SJP raises awareness of Palestinian hardship


The Students for Justice in Palestine (SJP) at Occidental hosted several events aimed at educating students on the Palestinian perspective of the Israeli-Palestinian conflict in honor of “Palestine Awareness Week,” for the first time in the campus’s history.

“We just want students to be more educated on this issue because a lot of the conversation on this topic—especially in the U.S. media—is very one-sided,” SJP Co-President Beebe Sanders (senior) said.

The Israeli-Palestinian conflict began in 1947 when the United Nations created the independent state of Israel. Hundreds of thousands of Jews, many displaced by the Holocaust, migrated to the new country, causing tension with the original Palestinian population. Fighting between the Israelis and Palestinians has occurred ever since.

SJP’s first event, “Palestine 101,” took place March 16. During the event, SJP members discussed both the history and ongoing problems of the Israeli-Palestinian conflict. They covered topics ranging from myths and controversies to current actions of activist groups, such as Jewish Voice for Peace.

According to SJP Co-President Janan Burni (senior), the goal of this event was to reach out to students and provide the Palestinian perspective on a conflict that she believes is often dominated by Israeli dialogue.

“I attended the event because I wanted to learn more about the issue,” Ivy Salinas (first-year) said. “I thought it was just a religious conflict, but now I realize it’s about human rights, and I was impressed by the students’ knowledge and by how they led the presentation.”

March 17, SJP organized a panel on the Boycott, Divestment and Sanctions (BDS) movement against Israel. The panelists consisted of Electronic Intifada Editor Nora Barrows-Friedman, Professor of English at the University of California, Riverside David Lloyd and University of California, Los Angeles (UCLA) SJP Member Angelica Becerra.

Lloyd opened the event by explaining that the BDS movement is a non-violent effort that calls upon the global community to advocate for Palestinians through by placing economic and political pressure on the Israeli government.

Barrows-Friedman then gave background on various divestment movements that have taken place on UC campuses. BDS targets divestment from “products and companies (Israeli and international) that profit from the violation of Palestinian rights, as well as Israeli sporting, cultural and academic institutions,” according to the official BDS website. Becerra offered advice on how Occidental students could go about starting their own plan of action, emphasizing the power of social media.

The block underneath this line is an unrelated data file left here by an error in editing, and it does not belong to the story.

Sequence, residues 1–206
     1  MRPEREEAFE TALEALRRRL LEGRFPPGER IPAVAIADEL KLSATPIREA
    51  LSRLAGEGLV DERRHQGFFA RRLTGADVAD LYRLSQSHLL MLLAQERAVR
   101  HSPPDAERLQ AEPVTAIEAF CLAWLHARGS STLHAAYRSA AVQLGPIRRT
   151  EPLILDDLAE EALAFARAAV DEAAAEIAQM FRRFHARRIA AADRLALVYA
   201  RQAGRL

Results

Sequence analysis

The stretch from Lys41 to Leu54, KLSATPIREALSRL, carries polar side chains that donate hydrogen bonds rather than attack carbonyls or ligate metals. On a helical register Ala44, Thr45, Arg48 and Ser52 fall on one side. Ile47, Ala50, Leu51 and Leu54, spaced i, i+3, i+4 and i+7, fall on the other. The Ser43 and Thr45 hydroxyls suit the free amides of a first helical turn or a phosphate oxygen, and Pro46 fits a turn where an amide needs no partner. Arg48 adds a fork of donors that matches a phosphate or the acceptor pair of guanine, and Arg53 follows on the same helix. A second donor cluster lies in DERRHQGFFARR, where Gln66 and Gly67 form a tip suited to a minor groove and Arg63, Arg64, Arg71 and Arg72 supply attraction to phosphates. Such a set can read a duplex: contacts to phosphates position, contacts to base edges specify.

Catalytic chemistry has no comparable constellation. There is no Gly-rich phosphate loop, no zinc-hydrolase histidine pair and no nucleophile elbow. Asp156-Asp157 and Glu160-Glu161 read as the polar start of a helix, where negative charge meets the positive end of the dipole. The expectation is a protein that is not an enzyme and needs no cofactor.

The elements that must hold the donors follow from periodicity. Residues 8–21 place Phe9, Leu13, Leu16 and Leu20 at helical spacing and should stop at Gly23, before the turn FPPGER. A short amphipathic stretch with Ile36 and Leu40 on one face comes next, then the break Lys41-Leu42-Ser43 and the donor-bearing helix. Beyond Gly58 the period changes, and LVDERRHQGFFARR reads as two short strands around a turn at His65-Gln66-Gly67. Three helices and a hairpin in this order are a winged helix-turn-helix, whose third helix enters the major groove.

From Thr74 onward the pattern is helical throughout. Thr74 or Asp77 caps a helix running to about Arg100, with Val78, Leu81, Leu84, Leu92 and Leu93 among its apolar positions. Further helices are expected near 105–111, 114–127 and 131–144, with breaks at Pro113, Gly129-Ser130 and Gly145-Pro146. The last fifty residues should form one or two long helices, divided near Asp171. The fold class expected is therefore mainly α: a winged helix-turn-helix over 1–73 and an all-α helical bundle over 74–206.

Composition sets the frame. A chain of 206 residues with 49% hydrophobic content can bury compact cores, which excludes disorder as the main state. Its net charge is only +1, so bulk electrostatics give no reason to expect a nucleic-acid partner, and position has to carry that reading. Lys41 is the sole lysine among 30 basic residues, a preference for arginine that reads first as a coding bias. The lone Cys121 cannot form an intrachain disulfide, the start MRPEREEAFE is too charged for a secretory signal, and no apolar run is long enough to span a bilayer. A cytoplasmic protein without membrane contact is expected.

The names and ages of Palestinians killed during Israeli operations in Gaza this past summer were written in chalk on the quad pavement Thursday by the organization in an effort to show that the Israeli-Palestinian conflict is not equally harmful to both sides, Sanders said. According to her, the event gained a significant amount of attention.

“We wanted to highlight this [inequality] by showing the number of Palestinians who were killed in Gaza this summer—over 2,000 compared to not even 100 Israelis,” Sanders said. “All of the deaths were terrible, but the stark difference in military capability, power and influence internationally is so obvious.”

Sanders said that Occidental’s SJP created the chalk display as a medium to raise awareness of the issue in a different way.

“Oftentimes students don’t want to talk about the Israel-Palestine conflict,” Sanders said. “This was a way to speak to the students without directly talking to them.”

Although SJP chapters have existed on American university campuses for over a decade, this is SJP’s first year at Occidental. Burni said she founded Occidental’s chapter because she felt there was a lack of Palestinian perspective present in dialogue on the conflict.

The club appealed to its current members because the organization does not try to come up with solutions for the Palestinian people, according to Burni. Rather, it supports whatever Palestinians decide is best for their situation.

“It’s not our job to come up with specific solutions, but it is our job to support Palestinian led movements,” Burni said. “We’re in solidarity with Palestinians, but not speaking on behalf of them.”



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